On Birth/Speed/Merging there’s a celebratory, carnival sound as Idris Ackamoor and The Pyramids combined the cosmic sounds and free jazz of Sun Ra with Afrobeat, funk, psychedelia and a much more progressive sound. Birth/Speed/Merging was an ambitious, innovative and genre-melting album where Idris Ackamoor and The Pyramids played with freedom, fluidity and invention on a carefully crafted album. Sadly, when Birth/Speed/Merging was released the album failed to find the audience it so richly deserved.
In 1977, Idris Ackamoor and The Pyramids split-up after releasing a trio of underrated and innovative albums that had passed critics and record buyers by. Idris Ackamoor and The Pyramids were one of music’s best kept secrets and it looked as if it would stay that way.
Just like many other artists and groups before them, it took a while before the record buying public somewhat belatedly discovered Idris Ackamoor and The Pyramids’ music. It took twenty years before a small but appreciative audience discovered the three albums that Idris Ackamoor and The Pyramids had released between 1973 and 1976. Soon, Idris Ackamoor and The Pyramids had a cult following, and there was a resurgence on interest in their music.
By then, Idris Ackamoor had released two solo albums 1998s Portrait and 2000s Centurian. This was followed in 2004 by Homage To Cuba in 2004, which was the debut album from the Idris Ackamoor Ensemble. However, the big question was would Idris Ackamoor and The Pyramids reunite?
They would, but not until 2010, and soon, Idris Ackamoor and The Pyramids were making up for lost time. By then, the group’s popularity was growing after the reissue of Lalibela, King Of Kings and Birth/Speed/Merging in 2009. With a new audience discovering Idris Ackamoor and The Pyramids’ music, embarked upon their comeback tour.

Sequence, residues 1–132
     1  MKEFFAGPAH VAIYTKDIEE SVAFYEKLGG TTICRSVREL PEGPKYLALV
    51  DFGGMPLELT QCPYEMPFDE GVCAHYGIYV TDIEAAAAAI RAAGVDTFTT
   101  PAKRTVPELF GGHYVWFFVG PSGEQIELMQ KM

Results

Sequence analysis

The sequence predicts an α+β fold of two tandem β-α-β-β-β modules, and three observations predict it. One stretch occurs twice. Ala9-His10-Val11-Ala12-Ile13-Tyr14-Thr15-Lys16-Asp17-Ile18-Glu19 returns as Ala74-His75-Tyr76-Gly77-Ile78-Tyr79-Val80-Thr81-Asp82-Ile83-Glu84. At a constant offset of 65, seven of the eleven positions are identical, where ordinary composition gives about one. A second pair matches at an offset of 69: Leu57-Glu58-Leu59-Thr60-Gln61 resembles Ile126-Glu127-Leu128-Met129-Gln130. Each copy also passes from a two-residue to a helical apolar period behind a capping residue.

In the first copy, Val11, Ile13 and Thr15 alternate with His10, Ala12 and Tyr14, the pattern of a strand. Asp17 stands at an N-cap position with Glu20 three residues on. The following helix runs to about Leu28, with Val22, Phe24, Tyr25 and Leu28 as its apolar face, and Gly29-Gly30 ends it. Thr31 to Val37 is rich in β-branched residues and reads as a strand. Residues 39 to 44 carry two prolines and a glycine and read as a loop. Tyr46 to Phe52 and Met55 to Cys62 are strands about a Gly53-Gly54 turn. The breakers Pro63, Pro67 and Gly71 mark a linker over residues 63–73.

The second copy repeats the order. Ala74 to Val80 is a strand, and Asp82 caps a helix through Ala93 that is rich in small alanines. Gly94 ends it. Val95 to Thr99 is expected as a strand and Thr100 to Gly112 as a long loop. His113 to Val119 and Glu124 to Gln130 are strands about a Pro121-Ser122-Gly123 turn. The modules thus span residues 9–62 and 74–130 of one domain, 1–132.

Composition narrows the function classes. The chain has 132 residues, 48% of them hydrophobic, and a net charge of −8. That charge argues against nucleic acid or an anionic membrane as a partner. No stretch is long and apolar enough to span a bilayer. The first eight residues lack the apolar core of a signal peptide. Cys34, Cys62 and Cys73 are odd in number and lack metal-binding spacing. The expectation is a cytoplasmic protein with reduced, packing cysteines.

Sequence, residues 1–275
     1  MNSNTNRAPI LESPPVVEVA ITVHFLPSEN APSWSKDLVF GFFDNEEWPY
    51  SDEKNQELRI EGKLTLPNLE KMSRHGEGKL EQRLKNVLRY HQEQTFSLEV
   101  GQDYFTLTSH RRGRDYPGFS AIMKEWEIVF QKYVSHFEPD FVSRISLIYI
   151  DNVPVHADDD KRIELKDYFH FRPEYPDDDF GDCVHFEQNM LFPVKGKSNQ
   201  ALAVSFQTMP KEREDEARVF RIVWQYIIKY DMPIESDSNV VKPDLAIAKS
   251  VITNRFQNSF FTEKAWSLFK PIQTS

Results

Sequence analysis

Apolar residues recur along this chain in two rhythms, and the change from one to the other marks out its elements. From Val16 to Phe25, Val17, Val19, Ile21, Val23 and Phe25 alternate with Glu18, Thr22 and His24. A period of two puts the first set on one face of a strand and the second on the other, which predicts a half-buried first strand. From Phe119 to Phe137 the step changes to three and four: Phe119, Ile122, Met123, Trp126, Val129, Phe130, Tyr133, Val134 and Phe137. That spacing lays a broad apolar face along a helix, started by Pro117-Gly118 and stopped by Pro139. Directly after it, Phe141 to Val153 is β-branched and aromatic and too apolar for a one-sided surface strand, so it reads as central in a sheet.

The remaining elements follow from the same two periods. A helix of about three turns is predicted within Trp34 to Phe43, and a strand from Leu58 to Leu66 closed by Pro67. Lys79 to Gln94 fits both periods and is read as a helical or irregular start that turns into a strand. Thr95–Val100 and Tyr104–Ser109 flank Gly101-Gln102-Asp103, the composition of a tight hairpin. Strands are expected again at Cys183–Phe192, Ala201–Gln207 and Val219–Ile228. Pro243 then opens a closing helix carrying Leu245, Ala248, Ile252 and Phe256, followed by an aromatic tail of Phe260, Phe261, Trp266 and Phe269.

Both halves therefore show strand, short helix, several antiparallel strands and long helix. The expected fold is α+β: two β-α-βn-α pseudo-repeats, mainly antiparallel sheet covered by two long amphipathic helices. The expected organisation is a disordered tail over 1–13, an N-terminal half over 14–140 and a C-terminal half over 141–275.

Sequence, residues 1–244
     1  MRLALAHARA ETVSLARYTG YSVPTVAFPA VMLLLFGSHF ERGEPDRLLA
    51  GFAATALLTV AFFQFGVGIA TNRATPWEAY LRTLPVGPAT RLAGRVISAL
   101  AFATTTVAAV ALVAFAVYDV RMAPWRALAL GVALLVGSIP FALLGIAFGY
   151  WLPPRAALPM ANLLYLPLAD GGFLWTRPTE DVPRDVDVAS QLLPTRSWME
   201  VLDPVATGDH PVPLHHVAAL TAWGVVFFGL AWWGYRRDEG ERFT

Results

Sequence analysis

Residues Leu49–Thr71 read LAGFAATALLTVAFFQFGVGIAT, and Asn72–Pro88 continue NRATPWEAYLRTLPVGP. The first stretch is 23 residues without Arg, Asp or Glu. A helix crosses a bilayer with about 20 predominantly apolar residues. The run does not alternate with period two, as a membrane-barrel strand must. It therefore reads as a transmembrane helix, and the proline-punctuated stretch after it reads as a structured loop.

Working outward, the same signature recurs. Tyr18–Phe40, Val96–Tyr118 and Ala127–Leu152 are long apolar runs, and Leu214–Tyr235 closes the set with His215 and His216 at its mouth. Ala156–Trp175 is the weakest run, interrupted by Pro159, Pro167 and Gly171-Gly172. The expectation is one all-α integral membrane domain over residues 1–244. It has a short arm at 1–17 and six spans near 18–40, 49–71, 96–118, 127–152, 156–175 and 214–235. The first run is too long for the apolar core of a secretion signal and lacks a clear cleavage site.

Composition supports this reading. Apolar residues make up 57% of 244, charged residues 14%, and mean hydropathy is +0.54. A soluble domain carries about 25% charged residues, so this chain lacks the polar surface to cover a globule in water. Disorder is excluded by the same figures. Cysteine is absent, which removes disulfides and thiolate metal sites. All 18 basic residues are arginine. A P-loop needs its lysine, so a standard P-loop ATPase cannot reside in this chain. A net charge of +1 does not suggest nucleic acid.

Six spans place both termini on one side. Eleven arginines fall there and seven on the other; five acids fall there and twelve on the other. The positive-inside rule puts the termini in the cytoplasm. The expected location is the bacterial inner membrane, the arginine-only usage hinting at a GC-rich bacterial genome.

Little did Idris Ackamoor and The Pyramids realise that they would be spending much of the next couple of years on the road, as their popularity grew. With interest in Idris Ackamoor and The Pyramids in growing, it was no surprise when they released their comeback album Otherworldly in 2012.
Otherworldly was released by Cultural Odyssey as part of the Living Legacy Project, and just like the triumvirate of albums Idris Ackamoor and The Pyramids had released between 1973 and 1976 was a pioneering and experimental album. Elements of avant-garde, free jazz and space-age featured on Otherworldly which was released to plaudits and praise and was Idris Ackamoor and The Pyramids’ first album in thirty-six years.
We Be All Africans.
Despite releasing their comeback album and continuing to tour, Idris Ackamoor and The Pyramids didn’t release another album for four long years. However, Idris Ackamoor was still recording and releasing albums with two new musical projects. In 2014, the Idris Ackamoor Paris Quartet’s released their debut album The Periphery Of The Periphery and The Collective released Idrissa’s Dream. However, two years later, Idris Ackamoor and The Pyramids were back with a new album.
This was We Be All Africans which was Idris Ackamoor and The Pyramids’ fifth album, and their first album for Strut. We Be All Africans was released in May 2016 and was a quite different album from Otherworldly. It was a fusion of Afrobeat, free jazz and jazz-funk from the spiritual cosmic jazz pioneers, which was released to critical acclaim and set the bar high for the followup.
An Angel Fell.
Two years later, in May 2018 Idris Ackamoor and The Pyramids returned with their much-anticipated sixth album An Angel Fell on Strut. The eight tracks on An Angel Fell were penned by bandleader Idris Ackamoor and were produced by Malcolm Catto of The Heliocentrics. However, it was a very different lineup of The Pyramids that accompanied Idris Ackamoor during the recording of An Angel Fell at Quatermass studios in London.